In 2018, Mola wowed the judges at the graduate student research poster competition at the fourth annual UC Davis Bee Symposium for his work on "Bumble Bee Movement and Landscape Genetics." As the first-place winner, he received the $850 cash prize. The judges: Tom Seeley, professor at Cornell University, the symposium's keynote speaker; speaker Santiago Ramirez, assistant professor of evolution and ecology at UC Davis, and native pollinator specialist Robbin Thorp (1933-2019), distinguished emeritus professor at UC Davis.
“In conservation biology and ecological study, we must know the distances organisms travel and the scales over which they go about their lives,” Mola said of his work at the time. “To properly conserve species, we have to know how much land they need, how close those habitats need to be to each other, and the impact of travel on species success. For instance, if I'm told there's free burritos in the break room, I'm all over it. If the 'free' burritos require me traveling to Scotland, it's not worth it and I would spend more energy (and money) than I would gain. For pollinators, it's especially important we understand their movement since the distances they travel also dictates the quality of the pollination service they provide to crop and wild plants."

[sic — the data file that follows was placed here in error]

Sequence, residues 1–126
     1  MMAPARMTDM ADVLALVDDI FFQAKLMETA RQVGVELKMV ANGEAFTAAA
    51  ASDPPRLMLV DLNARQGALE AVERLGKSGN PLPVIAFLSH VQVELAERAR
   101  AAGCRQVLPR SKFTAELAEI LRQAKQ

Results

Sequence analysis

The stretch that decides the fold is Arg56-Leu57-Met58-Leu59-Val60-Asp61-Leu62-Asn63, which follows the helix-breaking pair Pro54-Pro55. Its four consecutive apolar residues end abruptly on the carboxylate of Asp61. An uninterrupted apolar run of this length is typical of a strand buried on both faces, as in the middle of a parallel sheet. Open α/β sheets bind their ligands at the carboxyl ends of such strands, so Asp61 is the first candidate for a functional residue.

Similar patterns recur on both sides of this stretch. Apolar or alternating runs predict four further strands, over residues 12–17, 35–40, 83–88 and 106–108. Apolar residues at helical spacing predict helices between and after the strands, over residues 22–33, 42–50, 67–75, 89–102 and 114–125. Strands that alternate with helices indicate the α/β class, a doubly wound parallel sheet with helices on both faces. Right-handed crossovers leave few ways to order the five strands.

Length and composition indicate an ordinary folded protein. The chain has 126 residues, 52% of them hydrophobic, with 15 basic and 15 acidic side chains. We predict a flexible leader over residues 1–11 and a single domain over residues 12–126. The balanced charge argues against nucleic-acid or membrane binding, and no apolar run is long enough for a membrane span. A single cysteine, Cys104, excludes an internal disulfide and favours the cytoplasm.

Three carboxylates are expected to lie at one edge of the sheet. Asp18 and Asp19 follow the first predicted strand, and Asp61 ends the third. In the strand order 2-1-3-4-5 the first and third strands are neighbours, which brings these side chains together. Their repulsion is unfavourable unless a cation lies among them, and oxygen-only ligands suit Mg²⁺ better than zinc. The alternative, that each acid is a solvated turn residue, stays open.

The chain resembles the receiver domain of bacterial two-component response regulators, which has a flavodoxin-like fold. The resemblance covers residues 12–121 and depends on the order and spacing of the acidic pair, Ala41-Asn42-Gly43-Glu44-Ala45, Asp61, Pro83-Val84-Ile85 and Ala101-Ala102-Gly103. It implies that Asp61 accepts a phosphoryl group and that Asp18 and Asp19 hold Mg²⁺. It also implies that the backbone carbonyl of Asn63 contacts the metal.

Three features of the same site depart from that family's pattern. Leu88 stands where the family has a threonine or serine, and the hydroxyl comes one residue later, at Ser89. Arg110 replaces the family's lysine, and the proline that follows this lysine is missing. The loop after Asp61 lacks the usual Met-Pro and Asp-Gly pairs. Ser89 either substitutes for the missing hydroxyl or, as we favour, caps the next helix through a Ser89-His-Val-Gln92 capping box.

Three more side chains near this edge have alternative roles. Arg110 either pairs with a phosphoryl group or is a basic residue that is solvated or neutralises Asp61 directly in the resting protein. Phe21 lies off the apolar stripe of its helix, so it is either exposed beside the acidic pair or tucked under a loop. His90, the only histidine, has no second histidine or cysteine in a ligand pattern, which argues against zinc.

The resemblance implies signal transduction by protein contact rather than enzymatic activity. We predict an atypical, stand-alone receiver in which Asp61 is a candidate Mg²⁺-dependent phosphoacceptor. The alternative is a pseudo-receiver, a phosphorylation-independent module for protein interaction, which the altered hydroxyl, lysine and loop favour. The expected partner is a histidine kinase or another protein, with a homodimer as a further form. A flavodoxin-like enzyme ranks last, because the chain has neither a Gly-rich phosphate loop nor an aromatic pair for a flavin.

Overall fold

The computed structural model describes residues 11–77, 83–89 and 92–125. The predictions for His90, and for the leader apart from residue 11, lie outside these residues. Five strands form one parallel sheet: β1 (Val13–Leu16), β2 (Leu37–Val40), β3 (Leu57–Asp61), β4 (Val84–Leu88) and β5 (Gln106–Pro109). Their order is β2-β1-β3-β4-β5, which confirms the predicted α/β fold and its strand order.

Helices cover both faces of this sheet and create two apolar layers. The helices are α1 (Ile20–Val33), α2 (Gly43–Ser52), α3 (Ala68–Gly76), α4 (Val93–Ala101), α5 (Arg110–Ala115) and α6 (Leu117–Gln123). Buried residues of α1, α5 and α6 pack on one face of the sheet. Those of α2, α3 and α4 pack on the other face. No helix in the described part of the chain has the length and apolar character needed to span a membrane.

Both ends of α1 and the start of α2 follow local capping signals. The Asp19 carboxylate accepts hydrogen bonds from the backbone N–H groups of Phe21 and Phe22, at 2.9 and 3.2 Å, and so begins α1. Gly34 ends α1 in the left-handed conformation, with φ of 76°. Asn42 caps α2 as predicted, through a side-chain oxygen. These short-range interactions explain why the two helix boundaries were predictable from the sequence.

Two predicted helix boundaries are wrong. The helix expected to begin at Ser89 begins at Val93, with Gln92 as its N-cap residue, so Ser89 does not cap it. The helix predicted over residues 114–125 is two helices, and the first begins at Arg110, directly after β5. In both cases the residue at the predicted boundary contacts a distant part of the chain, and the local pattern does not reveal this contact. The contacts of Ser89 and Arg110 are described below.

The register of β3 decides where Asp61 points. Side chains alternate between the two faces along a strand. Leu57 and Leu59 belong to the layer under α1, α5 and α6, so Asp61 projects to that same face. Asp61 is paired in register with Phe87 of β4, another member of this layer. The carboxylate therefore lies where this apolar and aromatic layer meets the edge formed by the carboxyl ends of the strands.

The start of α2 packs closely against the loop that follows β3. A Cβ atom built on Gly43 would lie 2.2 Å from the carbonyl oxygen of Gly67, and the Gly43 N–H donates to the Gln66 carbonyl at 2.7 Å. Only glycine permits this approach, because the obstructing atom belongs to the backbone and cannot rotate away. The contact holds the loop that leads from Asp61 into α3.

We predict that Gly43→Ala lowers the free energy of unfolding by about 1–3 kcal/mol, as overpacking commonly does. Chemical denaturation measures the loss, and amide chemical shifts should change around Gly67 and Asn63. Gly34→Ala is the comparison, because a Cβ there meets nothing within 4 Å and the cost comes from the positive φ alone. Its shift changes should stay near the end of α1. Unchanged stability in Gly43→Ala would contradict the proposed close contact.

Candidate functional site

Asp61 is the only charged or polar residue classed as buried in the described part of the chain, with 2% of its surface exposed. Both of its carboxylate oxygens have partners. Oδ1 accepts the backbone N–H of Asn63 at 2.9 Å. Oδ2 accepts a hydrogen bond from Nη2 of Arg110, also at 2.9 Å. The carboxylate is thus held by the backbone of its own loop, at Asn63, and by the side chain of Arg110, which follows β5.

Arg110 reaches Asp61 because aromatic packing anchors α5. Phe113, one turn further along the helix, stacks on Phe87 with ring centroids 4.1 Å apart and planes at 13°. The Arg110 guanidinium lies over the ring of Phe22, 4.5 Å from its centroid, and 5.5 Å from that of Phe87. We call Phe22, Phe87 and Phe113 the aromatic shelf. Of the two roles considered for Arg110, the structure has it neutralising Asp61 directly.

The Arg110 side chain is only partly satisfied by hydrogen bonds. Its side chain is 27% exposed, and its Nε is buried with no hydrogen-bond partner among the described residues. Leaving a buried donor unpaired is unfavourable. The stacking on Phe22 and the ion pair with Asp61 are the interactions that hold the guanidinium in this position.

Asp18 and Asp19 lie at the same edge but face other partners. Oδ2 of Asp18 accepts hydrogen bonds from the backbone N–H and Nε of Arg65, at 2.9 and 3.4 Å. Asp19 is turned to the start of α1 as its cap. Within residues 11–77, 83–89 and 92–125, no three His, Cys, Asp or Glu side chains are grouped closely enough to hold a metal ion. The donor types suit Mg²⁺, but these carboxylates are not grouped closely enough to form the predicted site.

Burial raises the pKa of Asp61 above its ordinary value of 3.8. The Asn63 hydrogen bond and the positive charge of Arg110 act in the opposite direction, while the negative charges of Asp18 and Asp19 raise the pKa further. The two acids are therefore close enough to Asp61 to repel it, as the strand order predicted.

“Despite this importance, we know comparatively little about the movements of bees--the most efficient of pollinators--due to the difficulty of tracking individuals," Mola explained.
Mola says that "Unlike birds or large mammals, we can't just attach large radio collars and follow them around. As such, my work has focused on improving methods that we can use for study. I use a combination of landscape ecology and molecular genetics to identify the locations of siblings (colony-mates) in landscapes. From that information, we can infer all sorts of useful information about the potential foraging range, habitat use, population size, etc. It's a very exciting time to be working on these topics as the availability of new genetic and GPS technologies allows us to answer or re-address scientific and conservation issues with bees.”